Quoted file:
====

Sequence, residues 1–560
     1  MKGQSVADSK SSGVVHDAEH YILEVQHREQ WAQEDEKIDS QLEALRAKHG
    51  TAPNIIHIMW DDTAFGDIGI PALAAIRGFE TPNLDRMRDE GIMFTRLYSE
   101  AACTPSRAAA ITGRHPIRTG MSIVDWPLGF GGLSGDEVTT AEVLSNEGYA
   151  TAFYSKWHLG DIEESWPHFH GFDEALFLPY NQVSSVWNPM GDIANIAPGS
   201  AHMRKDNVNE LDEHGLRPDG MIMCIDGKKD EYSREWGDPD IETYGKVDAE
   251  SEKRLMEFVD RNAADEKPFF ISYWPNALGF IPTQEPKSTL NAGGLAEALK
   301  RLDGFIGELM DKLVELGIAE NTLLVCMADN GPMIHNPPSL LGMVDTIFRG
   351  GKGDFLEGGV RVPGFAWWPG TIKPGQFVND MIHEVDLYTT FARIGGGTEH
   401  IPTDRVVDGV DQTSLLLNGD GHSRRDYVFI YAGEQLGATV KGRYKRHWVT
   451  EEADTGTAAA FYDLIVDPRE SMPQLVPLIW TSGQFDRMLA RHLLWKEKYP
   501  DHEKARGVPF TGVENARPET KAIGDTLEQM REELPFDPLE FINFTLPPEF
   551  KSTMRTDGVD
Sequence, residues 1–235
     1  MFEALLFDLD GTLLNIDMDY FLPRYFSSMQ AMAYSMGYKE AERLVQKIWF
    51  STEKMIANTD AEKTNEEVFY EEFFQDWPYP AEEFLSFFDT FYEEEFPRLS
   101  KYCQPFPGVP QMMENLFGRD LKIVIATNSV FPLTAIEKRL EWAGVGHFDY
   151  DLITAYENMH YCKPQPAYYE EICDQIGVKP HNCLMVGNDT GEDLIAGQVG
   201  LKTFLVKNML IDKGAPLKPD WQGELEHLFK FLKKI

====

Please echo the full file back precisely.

Sequence, residues 1–560
     1  MKGQSVADSK SSGVVHDAEH YILEVQHREQ WAQEDEKIDS QLEALRAKHG
    51  TAPNIIHIMW DDTAFGDIGI PALAAIRGFE TPNLDRMRDE GIMFTRLYSE
   101  AACTPSRAAA ITGRHPIRTG MSIVDWPLGF GGLSGDEVTT AEVLSNEGYA
   151  TAFYSKWHLG DIEESWPHFH GFDEALFLPY NQVSSVWNPM GDIANIAPGS
   201  AHMRKDNVNE LDEHGLRPDG MIMCIDGKKD EYSREWGDPD IETYGKVDAE
   251  SEKRLMEFVD RNAADEKPFF ISYWPNALGF IPTQEPKSTL NAGGLAEALK
   301  RLDGFIGELM DKLVELGIAE NTLLVCMADN GPMIHNPPSL LGMVDTIFRG
   351  GKGDFLEGGV RVPGFAWWPG TIKPGQFVND MIHEVDLYTT FARIGGGTEH
   401  IPTDRVVDGV DQTSLLLNGD GHSRRDYVFI YAGEQLGATV KGRYKRHWVT
   451  EEADTGTAAA FYDLIVDPRE SMPQLVPLIW TSGQFDRMLA RHLLWKEKYP
   501  DHEKARGVPF TGVENARPET KAIGDTLEQM REELPFDPLE FINFTLPPEF
   551  KSTMRTDGVD
Sequence, residues 1–235
     1  MFEALLFDLD GTLLNIDMDY FLPRYFSSMQ AMAYSMGYKE AERLVQKIWF
    51  STEKMIANTD AEKTNEEVFY EEFFQDWPYP AEEFLSFFDT FYEEEFPRLS
   101  KYCQPFPGVP QMMENLFGRD LKIVIATNSV FPLTAIEKRL EWAGVGHFDY
   151  DLITAYENMH YCKPQPAYYE EICDQIGVKP HNCLMVGNDT GEDLIAGQVG
   201  LKTFLVKNML IDKGAPLKPD WQGELEHLFK FLKKI